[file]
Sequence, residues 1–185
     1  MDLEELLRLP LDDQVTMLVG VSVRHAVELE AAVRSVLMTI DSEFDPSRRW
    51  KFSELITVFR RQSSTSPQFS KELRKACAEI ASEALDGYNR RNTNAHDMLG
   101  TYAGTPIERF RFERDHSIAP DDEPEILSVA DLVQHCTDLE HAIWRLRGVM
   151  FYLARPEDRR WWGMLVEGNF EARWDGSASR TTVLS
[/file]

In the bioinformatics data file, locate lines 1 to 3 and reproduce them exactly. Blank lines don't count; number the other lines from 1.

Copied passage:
Sequence, residues 1–185
     1  MDLEELLRLP LDDQVTMLVG VSVRHAVELE AAVRSVLMTI DSEFDPSRRW
    51  KFSELITVFR RQSSTSPQFS KELRKACAEI ASEALDGYNR RNTNAHDMLG